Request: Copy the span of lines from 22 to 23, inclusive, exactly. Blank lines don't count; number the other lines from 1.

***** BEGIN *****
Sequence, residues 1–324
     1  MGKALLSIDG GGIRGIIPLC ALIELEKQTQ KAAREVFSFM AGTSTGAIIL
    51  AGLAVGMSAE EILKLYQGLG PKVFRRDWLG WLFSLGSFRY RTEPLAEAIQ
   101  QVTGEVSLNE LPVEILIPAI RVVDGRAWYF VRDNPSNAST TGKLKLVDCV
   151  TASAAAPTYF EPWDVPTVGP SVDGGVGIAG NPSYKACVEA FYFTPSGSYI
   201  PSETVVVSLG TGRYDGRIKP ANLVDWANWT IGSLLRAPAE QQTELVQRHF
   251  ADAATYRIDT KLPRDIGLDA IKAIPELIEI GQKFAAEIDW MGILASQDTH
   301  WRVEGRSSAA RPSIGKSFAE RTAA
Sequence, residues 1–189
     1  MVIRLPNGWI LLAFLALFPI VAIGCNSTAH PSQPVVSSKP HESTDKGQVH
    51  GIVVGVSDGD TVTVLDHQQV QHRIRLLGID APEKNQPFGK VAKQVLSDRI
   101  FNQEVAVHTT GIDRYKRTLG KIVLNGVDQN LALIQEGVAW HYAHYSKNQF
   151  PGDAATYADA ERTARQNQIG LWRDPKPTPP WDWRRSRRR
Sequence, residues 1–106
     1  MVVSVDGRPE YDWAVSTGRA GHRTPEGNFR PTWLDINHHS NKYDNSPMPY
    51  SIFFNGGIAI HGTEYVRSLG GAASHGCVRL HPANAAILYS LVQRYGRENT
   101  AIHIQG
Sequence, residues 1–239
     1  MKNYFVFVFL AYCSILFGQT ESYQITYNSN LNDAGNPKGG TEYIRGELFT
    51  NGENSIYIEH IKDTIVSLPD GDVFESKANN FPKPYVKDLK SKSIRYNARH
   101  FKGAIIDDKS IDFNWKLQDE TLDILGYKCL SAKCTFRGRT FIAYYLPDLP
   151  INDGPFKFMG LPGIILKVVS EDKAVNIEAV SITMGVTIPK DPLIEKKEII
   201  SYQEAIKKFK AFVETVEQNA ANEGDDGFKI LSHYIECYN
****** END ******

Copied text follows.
   151  INDGPFKFMG LPGIILKVVS EDKAVNIEAV SITMGVTIPK DPLIEKKEII
   201  SYQEAIKKFK AFVETVEQNA ANEGDDGFKI LSHYIECYN